Paleobiology of Distinctive Benthic Microfossils from the Upper Proterozoic Limestone-Dolomite "Series," Central East Greenland

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Paleobiology of Distinctive Benthic Microfossils from the Upper Proterozoic Limestone-Dolomite "Series," Central East Greenland

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Title: Paleobiology of Distinctive Benthic Microfossils from the Upper Proterozoic Limestone-Dolomite "Series," Central East Greenland
Author: Knoll, Andrew; Swett, Keene; Golubic, Stjepko; Greene, Julian W.

Note: Order does not necessarily reflect citation order of authors.

Citation: Green, Julian W., Andrew H. Knoll, Stjepko Golubic, and Keene Swett. 1987. Paleobiology of distinctive benthic microfossils from the Upper Proterozoic Limestone-Dolomite "Series," central East Greenland. American Journal of Botany 74, no. 6: 928-940.
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Abstract: Populations of Polybessurus bipartitus Fairchild ex Green et al., a large and morphologically distinctive microfossil, occur in silicified carbonates of the Upper Proterozoic (700-800 Ma) Limestone-Dolomite "Series," central East Greenland. Large populations of well-preserved individuals permit reconstruction of P. bipartitus as a coccoidal unicell that "jetted" upward from the sediment surface by the highly unidirectional secretion of extracellular mucopolysaccharide envelopes. Reproduction by baeocyte formation is inferred on the basis of clustered envelope stalks produced by small cells. Sedimentological evidence indicates that P. bipartitus formed surficial crusts locally within a shallow peritidal carbonate platform. Among living microorganisms a close morphological, reproductive, and behavioral counterpart to Polybessurus is provided by populations of an as yet undescribed cyanobacterium found in coastal Bahamian environments similar to those in which the Proterozoic fossils occur. In general morphology and "jetting" behavior, this population resembles species of the genus Cyanostylon Geitler (1925), but reproduces via baeocyte formation. Polybessurus is but one of the more than two dozen taxa in the richly fossiliferous biota of the Limestone-Dolomite "Series." This distinctive population, along with co-occuring filamentous cyanobacteria and other microfossils, contribute to an increasingly refined picture of ecological heterogeneity in late Proterozoic oceans.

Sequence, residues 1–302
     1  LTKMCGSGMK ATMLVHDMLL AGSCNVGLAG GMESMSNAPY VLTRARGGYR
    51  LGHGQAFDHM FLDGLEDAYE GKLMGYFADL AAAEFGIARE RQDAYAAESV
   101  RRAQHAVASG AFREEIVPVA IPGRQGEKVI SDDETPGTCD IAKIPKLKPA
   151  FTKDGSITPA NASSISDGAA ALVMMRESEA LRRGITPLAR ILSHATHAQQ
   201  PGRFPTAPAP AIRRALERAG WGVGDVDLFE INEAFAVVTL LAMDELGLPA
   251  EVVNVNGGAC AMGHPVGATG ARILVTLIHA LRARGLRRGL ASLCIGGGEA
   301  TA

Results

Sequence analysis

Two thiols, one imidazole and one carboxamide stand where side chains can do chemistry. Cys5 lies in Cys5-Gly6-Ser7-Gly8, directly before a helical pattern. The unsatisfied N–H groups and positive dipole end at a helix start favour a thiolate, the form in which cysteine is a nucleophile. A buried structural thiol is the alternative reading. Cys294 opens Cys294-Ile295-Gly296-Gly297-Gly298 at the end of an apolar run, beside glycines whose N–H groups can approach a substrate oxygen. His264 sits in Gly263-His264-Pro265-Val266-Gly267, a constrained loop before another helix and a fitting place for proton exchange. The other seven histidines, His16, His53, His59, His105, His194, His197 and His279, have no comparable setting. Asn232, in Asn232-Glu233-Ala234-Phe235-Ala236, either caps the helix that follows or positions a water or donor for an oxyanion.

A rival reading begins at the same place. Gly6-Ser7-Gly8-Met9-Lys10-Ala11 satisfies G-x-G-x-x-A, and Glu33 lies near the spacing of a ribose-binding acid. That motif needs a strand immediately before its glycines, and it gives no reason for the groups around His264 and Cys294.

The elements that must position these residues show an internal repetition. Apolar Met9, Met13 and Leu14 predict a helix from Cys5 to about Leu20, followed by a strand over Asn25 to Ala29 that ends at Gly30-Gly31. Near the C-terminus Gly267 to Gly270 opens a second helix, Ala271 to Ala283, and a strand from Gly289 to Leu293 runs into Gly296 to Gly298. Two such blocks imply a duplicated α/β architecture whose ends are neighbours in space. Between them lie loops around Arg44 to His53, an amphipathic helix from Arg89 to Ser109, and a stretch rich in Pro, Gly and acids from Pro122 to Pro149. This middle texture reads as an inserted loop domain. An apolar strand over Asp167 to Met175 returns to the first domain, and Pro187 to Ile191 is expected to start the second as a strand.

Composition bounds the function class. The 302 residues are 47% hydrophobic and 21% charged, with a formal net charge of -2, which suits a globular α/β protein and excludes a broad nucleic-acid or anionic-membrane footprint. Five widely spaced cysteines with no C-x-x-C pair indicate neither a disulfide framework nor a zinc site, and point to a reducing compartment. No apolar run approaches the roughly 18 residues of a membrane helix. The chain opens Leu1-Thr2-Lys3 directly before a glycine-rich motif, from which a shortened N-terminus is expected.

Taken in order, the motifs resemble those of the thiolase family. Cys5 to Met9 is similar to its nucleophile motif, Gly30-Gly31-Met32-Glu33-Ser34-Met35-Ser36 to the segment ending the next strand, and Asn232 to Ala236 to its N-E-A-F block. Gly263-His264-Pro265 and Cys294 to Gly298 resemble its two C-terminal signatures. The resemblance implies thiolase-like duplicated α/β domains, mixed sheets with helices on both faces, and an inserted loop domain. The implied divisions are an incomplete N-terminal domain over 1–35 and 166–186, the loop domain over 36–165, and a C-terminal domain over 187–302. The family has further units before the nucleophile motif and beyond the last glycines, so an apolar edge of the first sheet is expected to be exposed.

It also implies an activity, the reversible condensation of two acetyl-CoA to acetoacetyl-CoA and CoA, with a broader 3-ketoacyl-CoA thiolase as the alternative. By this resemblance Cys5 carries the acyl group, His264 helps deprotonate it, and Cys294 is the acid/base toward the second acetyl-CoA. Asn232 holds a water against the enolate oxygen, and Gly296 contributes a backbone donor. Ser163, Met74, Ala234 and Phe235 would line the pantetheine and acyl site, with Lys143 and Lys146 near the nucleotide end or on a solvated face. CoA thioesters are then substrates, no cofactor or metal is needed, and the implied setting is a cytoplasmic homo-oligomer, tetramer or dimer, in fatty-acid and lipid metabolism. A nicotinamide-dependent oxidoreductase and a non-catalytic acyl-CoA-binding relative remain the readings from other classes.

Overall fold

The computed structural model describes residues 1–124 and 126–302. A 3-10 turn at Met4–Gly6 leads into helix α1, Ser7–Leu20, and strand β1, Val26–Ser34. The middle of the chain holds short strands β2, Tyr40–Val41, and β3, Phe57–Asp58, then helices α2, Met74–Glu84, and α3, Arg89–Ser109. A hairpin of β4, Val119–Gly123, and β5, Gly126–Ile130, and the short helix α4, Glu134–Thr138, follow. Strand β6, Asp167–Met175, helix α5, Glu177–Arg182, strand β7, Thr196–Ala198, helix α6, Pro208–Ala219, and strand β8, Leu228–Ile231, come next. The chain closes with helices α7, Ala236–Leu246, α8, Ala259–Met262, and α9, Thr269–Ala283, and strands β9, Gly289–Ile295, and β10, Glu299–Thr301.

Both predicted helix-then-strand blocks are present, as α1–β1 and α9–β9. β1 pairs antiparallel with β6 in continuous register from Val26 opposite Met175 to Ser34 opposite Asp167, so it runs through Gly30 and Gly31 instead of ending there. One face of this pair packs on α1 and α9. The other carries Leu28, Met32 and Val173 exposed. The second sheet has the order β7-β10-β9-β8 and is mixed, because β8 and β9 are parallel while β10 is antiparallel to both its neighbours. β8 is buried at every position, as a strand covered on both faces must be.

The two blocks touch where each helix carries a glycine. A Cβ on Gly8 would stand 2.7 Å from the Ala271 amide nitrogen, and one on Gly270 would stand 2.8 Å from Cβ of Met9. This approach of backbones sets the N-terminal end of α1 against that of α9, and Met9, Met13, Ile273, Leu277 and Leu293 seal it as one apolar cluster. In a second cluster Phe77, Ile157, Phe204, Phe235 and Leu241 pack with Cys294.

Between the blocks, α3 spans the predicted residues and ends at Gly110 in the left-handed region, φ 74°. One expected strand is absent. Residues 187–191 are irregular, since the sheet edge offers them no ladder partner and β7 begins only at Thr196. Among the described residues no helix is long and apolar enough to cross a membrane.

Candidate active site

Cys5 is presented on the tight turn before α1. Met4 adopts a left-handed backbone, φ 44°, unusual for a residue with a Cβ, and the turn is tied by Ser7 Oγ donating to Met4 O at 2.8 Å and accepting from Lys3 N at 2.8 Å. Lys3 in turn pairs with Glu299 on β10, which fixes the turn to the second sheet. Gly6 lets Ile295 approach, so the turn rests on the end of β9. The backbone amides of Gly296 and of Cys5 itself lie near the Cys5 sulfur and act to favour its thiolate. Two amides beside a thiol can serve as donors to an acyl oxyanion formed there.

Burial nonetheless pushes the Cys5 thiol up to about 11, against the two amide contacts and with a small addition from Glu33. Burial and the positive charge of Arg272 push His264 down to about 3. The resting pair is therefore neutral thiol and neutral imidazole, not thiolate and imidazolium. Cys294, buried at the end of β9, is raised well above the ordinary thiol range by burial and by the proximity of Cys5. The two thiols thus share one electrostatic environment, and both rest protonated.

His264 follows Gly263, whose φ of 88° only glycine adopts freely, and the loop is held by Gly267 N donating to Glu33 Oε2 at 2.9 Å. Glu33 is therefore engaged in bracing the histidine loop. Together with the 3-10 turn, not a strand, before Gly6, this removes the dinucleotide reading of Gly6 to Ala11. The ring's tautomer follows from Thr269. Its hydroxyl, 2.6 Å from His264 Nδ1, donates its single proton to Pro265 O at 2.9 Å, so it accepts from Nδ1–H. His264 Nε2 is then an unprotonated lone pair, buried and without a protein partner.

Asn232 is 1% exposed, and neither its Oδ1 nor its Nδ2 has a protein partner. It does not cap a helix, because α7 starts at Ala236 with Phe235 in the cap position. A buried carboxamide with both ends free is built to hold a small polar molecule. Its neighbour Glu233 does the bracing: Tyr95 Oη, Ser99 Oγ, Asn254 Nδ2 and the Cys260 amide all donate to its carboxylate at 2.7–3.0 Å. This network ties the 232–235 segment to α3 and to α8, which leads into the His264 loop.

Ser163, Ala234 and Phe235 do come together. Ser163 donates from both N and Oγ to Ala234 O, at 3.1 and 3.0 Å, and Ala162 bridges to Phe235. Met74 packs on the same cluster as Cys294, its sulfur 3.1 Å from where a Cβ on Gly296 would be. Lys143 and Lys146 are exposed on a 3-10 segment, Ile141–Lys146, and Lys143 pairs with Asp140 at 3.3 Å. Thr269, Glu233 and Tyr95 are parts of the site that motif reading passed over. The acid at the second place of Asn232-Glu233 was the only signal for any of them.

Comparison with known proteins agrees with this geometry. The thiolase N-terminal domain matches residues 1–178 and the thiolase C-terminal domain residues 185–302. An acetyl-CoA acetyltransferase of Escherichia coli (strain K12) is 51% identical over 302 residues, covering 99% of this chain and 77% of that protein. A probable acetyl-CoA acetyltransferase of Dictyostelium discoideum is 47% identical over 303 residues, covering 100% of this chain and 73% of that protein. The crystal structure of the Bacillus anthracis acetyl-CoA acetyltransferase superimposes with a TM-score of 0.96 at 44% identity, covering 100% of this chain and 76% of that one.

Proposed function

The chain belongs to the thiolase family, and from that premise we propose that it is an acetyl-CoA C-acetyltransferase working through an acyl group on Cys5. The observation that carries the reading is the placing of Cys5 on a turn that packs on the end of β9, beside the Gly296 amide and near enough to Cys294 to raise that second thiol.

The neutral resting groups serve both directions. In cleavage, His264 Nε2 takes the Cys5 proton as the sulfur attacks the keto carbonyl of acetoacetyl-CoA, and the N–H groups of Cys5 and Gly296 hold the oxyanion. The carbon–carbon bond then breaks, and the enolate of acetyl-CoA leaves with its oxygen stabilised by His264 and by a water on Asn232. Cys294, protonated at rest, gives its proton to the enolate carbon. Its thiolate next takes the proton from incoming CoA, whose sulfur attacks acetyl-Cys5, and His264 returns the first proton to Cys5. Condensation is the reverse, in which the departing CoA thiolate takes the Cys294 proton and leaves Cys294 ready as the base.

Published Version: http://dx.doi.org/10.2307/2443874
Citable link to this page: http://nrs.harvard.edu/urn-3:HUL.InstRepos:3157879

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  • FAS Scholarly Articles [7501]
    Peer reviewed scholarly articles from the Faculty of Arts and Sciences of Harvard University
 
 

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